Wednesday, September 27, 2023 Sep 27, 2023
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Four who died by the gun

By Eric Miller |

Thelma Catherine “Katie” Row, 64, was the manager of the Lake Highlands High School Cafeteria. For 12 years, the mother of three had worked for the Richardson Independent School District’s food service department and had developed a reputation as a personable woman who was easy to get along with. “She was very outgoing,” says food service director Bill Georges. “Whenever she came into a room, she made her presence known. She was a good mixer.”

On May 16, 1983, Row was working as the lunchroom cashier when a man wearing a ski mask and brandishing a .357 magnum revolver burst into the cafeteria, demanding all the money from the cash register. During the robbery, Row was shot once in the chest. She died 11 days later.

Her killer, Billy Conn Gardner, was convicted of capital murder October 20, 1983, and was sentenced to death by injection four days later. His case is currently on appeal. The Richardson School Food Service Association dedicated its 1983-84 yearbook to Row, saying: “Her death was so cruel that we tend to forget the Master was carrying out his purpose for her. It’s time for us to remember her as the caring, fun-loving person she was.”

The memorial to Row by her co-workers also included excerpts from Ecclesiates: “To everything there is a season, and a time for every purpose under heaven… a time to be born, a time to die.”

But many of her friends are still searching for any purpose in her death.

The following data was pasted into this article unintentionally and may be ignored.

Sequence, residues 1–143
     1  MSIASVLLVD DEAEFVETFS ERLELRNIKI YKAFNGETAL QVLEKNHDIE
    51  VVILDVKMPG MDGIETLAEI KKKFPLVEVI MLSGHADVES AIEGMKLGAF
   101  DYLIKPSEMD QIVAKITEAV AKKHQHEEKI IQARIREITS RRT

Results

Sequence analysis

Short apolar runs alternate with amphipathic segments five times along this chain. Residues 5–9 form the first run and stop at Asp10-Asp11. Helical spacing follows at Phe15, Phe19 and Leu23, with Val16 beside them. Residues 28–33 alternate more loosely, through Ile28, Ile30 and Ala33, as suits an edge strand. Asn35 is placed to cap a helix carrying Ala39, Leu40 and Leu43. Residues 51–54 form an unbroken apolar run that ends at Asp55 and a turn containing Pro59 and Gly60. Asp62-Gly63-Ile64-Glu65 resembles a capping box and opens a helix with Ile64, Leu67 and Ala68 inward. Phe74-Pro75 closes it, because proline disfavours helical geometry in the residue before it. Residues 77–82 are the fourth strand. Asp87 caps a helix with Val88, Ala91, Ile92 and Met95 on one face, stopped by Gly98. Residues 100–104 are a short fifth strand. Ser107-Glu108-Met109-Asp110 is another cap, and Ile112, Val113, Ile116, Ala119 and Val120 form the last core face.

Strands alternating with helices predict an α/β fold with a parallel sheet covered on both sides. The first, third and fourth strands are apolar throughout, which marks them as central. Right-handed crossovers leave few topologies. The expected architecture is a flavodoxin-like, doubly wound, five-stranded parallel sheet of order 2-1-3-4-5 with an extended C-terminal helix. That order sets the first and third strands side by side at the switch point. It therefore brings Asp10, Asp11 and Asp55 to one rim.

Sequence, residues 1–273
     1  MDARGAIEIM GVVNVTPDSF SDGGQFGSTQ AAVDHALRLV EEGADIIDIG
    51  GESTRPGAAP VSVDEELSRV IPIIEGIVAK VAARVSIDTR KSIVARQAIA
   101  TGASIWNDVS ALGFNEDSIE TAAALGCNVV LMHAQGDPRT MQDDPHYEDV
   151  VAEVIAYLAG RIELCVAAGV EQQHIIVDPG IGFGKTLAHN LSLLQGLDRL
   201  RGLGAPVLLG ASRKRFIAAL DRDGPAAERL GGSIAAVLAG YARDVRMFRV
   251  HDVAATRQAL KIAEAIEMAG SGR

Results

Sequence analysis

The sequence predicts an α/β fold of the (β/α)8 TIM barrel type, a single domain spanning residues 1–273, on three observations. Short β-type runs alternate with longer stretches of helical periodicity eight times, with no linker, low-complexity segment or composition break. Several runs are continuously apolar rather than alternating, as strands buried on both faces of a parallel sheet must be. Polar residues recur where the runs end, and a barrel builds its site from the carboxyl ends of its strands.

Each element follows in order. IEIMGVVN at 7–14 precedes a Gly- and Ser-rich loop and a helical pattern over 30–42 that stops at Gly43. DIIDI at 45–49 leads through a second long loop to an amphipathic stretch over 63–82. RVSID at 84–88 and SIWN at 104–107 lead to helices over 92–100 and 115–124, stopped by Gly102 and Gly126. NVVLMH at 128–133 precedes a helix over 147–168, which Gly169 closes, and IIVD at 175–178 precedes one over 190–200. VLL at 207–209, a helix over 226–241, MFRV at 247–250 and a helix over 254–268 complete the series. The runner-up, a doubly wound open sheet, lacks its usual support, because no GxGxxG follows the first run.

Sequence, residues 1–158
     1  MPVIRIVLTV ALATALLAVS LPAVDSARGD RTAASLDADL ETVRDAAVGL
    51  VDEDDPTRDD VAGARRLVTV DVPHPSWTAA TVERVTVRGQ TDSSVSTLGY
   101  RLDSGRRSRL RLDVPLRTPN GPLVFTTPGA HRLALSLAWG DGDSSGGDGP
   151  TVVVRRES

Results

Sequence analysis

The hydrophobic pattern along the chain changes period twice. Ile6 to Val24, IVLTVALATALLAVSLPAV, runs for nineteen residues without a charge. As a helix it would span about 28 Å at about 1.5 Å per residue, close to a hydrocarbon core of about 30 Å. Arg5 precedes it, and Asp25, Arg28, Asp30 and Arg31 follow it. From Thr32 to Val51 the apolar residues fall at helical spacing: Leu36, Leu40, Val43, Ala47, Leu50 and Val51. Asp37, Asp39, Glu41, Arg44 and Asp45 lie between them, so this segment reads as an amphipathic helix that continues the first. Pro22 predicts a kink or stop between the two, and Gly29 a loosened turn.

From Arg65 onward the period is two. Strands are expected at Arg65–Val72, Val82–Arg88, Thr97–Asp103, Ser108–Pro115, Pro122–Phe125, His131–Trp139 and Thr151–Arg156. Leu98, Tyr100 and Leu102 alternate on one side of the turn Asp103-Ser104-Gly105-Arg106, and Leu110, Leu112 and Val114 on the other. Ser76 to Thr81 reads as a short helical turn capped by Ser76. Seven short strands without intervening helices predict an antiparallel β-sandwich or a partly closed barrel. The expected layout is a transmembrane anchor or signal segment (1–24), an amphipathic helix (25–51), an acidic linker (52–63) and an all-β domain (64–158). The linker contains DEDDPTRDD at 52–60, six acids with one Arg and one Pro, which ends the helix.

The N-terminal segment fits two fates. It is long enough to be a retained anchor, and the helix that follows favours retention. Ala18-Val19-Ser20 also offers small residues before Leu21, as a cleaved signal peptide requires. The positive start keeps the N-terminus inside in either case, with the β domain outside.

Richard Pierce was head of the Mobil Oil palynology department, a fossil specialist and a senior advisor at Mobil Exploration and Producing Services Inc. The 57-year-old scientist was regarded by his co-workers at Mobil as a quiet, scholarly man with an inquisitive mind. “He was literally a walking encyclopedia, an oracle, an authority,” says his former boss, Lee Gibson. “He read copiously, and he was an expert in scientific fields ranging from astronomy to microbiology.”

At about 10 p.m. on December 8, 1983, Pierce left The Wycliff Point, a restaurant and lounge at 2525 Oak Lawn, where he was known as a regular customer. Outside, he was stopped by a man with a pistol who demanded money. Even though Pierce complied with the robber’s request, the man shot him twice. Pierce died two weeks later. A suspect charged with the murder was no-billed in January by the Dallas County grand jury.

Pierce is survived by a brother and sister, who say that their brother raised the family after their father died. At 16, he stepped in immediately as the head of the household.

“He was terrific,” Gibson said shortly after Pierce’s death. “He worked for us 26 years and five months. He was well-known, an internationally-known scientist. I’ve had calls from all over about him. It doesn’t reflect well on Dallas. I can’t believe it.”

At the time of his death, Pierce was planning to retire soon and devote his time to writing articles for National Geographic about plants and rocks-hobbies he had enjoyed since his childhood.